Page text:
The timing couldn’t be worse for retailers who are already bracing for a tough back-to-school season, which is typically the second-largest shopping period behind the holiday season. The National Retail Federation is expecting an 8 percent decline in sales from last year for back-to-school spending.

Department store Sears would not comment on whether it has seen a decline at its Massachusetts stores, but the chain is holding a “stimulus sale’’ this weekend, offering 10 percent off all merchandise at its Massachusetts stores.

“Sears still wants to make sure shoppers get their discounts in time for back-to-school shopping,’’ said Dara Cothran, a Sears spokeswoman.

At the Mall at Rockingham Park’s packed parking lot in Salem, N.H., Massachusetts license plates recently outnumbered those from New Hampshire. Simon Malls, which operates the Mall at Rockingham Park, would not provide details on any traffic increase from Massachusetts business. But Emily Hoang, Rockingham’s director of marketing, said, “In today’s economic climate, the Mass. sales tax increase is a potential incentive for more shoppers to cross the border into New Hampshire, largely for bigger ticket items such as electronics.’’

Indeed, Nancy C. Kyle, president of the Retail Merchants Association of New Hampshire, said merchants in the Granite State already have seen a boost in sales, particularly with electronics for back to school season, from Massachusetts shoppers. But she said most retailers are reticent to talk about how much sales have increased among out-of-state residents because they do not want to alert the Massachusetts revenue authorities.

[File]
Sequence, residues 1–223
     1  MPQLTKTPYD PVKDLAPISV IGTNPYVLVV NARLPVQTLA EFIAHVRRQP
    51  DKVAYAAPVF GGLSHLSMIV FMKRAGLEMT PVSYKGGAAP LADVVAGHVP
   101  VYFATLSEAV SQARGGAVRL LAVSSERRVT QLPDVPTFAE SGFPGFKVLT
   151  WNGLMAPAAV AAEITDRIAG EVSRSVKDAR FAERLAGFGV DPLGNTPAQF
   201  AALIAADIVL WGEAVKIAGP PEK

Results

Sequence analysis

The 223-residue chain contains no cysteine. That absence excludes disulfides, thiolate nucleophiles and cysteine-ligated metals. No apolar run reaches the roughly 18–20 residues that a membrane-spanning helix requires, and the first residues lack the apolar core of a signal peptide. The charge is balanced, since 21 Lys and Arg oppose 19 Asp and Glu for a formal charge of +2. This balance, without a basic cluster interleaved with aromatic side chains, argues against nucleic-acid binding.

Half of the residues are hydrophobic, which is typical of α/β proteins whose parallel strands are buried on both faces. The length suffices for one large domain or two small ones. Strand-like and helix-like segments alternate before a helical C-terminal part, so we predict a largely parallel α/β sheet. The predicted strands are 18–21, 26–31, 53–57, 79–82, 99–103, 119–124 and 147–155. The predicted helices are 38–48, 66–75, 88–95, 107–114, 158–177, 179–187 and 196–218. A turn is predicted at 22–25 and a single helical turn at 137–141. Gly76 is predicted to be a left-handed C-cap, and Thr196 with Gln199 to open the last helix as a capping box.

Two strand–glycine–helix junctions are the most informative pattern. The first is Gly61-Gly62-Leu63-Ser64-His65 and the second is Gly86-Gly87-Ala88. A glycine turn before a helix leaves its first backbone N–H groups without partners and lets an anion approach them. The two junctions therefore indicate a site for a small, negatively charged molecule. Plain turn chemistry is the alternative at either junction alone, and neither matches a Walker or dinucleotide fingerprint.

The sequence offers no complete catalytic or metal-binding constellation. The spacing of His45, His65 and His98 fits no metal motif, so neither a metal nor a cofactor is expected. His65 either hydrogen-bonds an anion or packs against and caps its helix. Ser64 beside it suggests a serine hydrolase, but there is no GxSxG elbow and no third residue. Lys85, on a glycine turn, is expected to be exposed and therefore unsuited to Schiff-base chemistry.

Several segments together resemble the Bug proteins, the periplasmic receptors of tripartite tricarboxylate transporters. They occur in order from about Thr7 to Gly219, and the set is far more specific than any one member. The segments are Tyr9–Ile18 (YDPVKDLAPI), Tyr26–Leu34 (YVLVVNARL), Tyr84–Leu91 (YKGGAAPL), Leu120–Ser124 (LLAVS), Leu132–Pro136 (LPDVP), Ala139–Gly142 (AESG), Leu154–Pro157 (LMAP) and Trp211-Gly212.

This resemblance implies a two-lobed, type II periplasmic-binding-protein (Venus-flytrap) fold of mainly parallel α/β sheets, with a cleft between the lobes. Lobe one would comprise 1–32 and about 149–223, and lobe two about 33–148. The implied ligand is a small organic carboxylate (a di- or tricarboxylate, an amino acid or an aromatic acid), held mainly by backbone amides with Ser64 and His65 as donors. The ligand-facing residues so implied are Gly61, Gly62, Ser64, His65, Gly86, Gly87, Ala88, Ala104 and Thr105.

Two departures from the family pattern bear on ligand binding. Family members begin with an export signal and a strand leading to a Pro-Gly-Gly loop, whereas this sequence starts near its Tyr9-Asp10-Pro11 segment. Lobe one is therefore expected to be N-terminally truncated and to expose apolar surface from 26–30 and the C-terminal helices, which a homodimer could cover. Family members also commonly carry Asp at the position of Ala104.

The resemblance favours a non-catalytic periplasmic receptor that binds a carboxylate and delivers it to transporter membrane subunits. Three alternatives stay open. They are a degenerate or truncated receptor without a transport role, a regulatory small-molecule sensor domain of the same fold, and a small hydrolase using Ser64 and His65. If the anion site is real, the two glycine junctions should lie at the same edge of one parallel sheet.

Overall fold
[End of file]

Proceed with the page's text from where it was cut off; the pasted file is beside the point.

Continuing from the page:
The Massachusetts Department of Revenue is embroiled in a lawsuit with a New Hampshire tire store after the Commonwealth attempted to collect sales tax from the store for serving customers from the Bay State. New Hampshire Governor John Lynch recently signed a bill to prevent Massachusetts from collecting sales tax from merchants over the border, but retailers are still on edge.

Bob Bliss, a spokesman for the Massachusetts Department of Revenue, said the net revenue gains from the sales tax hike outweigh the $48 million in expected losses from sales diverted to New Hampshire, the Internet, or reduced demand.

He said the department is encouraging Massachusetts shoppers to fill out use tax forms but did not plan increased patrolling of border shopping.

“It’s definitely more than usual - the number of out-of-state residents shopping here in recent weeks,’’ Kyle said. “It’s wonderful for New Hampshire retailers. We are ecstatic.’’

Jillian Carver of Haverhill headed up to the Best Buy in Salem, N.H., to purchase a $300 laptop for college on Aug. 1, the first day of the sales tax increase, and saved nearly $20.

The crush of traffic from other Massachusetts shoppers crossing the border turned the 15-mile trip into an hour-long drive. Nonetheless, Carver, 20, plans to do all of her back-to-school shopping in New Hampshire this year, even the pens, notebooks, and pencils she typically purchases at stores in Massachusetts.

“My mom told me to avoid the sales tax by going to New Hampshire and it just makes sense,’’ Carver said.

Jenn Abelson can be reached at abelson@globe.com.